As the end of the transition period draws near and new laws and regulations are set to come into effect at 11.00pm UK time on Implementation Period Completion Day (31 December 2020)[1], it is important to appreciate the impact of the changes to businesses navigate through a post-Brexit era. Once the UK is no longer part of the European single market, what will it mean for parallel trade and exhaustion of intellectual property (IP) rights when goods are exported out of the UK into the EU and vice versa.

1. What is exhaustion of IP rights?

The doctrine of exhaustion of IP rights is the principle that, once an article has been placed lawfully on the market by the IP rights owner or with his consent, there will be no infringement of those IP rights if that article is subsequently placed within a certain territory by a parallel trader. Exhaustion can apply nationally, regionally and internationally depending on the applicable legal regime in a particular territory, and the regime that applies in a specific territory can be mixed or asymmetrical.  Regional exhaustion of IP rights applies to the European single market, which currently includes the UK, and this prevents IP rights holders from using that right to stop the importation of a product into a European single market country where it has been lawfully placed on the market in another European single market country. In other words, an IP holder cannot use its IP rights to prevent parallel import (sometimes called grey imports) of goods within the European single market.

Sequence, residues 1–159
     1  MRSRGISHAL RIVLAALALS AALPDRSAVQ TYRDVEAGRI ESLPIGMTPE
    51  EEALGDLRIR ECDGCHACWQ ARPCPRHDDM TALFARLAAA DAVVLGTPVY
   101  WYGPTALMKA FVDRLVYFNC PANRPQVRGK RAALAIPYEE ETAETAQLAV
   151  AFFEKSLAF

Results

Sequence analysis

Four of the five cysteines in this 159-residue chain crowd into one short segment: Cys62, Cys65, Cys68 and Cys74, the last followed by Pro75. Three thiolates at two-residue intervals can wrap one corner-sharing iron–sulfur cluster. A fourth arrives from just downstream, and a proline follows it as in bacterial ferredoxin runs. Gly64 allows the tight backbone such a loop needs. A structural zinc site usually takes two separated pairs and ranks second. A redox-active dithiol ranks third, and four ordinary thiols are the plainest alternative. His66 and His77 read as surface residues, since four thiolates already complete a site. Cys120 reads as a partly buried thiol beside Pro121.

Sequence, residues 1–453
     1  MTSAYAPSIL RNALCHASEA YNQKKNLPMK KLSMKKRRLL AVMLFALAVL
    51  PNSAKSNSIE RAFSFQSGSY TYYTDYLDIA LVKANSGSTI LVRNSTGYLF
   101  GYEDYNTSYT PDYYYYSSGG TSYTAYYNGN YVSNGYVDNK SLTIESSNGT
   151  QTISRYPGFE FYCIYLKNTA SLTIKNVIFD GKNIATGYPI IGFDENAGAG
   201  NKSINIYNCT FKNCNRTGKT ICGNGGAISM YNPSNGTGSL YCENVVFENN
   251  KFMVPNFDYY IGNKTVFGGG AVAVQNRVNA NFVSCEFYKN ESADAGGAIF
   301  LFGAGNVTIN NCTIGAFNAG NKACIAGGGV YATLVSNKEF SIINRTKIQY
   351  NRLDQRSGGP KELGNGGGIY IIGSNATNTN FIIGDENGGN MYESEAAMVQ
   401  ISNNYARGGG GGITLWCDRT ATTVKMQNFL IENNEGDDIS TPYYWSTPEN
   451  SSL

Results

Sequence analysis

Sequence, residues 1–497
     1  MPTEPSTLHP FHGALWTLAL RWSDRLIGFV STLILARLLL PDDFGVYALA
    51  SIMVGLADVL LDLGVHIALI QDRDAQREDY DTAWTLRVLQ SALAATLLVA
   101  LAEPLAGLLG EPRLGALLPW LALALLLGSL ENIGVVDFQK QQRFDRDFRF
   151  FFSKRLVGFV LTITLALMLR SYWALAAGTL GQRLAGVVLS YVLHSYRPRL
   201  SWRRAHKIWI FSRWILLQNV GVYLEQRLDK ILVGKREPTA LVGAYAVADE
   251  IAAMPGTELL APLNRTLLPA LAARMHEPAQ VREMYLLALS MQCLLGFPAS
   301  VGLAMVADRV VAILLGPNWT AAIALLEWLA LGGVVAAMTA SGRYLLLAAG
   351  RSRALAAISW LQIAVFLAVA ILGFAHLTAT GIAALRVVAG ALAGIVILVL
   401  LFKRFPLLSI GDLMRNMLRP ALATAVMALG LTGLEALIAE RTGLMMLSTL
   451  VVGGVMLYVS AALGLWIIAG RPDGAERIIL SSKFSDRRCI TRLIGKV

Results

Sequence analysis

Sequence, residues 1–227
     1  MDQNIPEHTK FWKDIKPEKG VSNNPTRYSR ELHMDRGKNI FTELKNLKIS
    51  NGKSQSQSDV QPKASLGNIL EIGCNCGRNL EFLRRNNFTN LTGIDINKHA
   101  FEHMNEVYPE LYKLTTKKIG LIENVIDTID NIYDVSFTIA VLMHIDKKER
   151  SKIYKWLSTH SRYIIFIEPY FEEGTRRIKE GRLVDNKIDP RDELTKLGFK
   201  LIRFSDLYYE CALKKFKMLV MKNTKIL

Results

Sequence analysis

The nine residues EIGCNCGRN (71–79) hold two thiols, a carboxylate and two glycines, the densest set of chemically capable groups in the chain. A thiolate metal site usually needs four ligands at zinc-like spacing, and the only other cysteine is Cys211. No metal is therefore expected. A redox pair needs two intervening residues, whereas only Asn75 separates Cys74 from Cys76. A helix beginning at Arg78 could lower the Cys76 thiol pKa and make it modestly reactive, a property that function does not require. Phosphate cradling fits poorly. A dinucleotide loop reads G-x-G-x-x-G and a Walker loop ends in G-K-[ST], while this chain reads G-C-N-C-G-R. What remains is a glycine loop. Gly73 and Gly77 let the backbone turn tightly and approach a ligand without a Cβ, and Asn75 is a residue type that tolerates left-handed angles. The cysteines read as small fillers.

2. What is parallel trade?

Parallel trade, in the context of the European single market, is the reference to the importation and exportation into a country within the European single market by a third party trader of goods that have been placed on the market in another country within the European single market by the IP rights owner or with its consent. In other words, the cross-border sale or trade of goods by third party traders within the European single market.

3. How will exhaustion of IP rights apply?

From 1 February 2020, the UK has become a “third country” and is no longer a member state of the European Union. During the transition period, EU law applies in its entirety to and in the UK.  However, after the end of the transition period, EU law providing for the exhaustion of IP rights will no longer apply to the UK. This means that an IP rights holder may oppose the import of goods into the EU (or a country of the European single market) even though such goods have been lawfully put on the marker in the UK by that same IP rights holder or with his consent.[2]